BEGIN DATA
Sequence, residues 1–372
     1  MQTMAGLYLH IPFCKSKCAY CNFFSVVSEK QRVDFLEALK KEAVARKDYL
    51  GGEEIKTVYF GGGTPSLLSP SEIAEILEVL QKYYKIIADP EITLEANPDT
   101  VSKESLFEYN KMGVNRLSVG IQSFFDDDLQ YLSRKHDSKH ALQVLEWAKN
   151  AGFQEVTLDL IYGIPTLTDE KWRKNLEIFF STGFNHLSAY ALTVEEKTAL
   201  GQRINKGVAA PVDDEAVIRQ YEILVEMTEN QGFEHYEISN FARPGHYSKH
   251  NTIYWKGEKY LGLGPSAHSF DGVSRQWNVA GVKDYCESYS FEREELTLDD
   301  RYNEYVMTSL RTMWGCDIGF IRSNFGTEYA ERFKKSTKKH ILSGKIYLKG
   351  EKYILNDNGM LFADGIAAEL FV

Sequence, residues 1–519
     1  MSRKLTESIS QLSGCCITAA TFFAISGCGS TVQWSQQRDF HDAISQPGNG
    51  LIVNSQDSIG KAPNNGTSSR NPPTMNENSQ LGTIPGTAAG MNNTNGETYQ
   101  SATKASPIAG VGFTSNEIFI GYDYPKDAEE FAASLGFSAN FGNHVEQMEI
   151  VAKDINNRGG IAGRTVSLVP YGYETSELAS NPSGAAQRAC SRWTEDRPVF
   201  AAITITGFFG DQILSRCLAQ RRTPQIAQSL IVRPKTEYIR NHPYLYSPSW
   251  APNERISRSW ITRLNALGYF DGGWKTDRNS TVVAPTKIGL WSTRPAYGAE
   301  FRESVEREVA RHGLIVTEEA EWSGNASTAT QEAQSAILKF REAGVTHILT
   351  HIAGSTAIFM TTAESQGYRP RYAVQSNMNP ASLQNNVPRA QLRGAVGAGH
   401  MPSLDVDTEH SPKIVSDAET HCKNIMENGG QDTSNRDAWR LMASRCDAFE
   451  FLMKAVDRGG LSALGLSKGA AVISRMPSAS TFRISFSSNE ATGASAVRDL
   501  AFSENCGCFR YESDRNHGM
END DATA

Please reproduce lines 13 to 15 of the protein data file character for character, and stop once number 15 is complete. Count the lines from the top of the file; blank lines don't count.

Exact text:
   101  SATKASPIAG VGFTSNEIFI GYDYPKDAEE FAASLGFSAN FGNHVEQMEI
   151  VAKDINNRGG IAGRTVSLVP YGYETSELAS NPSGAAQRAC SRWTEDRPVF
   201  AAITITGFFG DQILSRCLAQ RRTPQIAQSL IVRPKTEYIR NHPYLYSPSW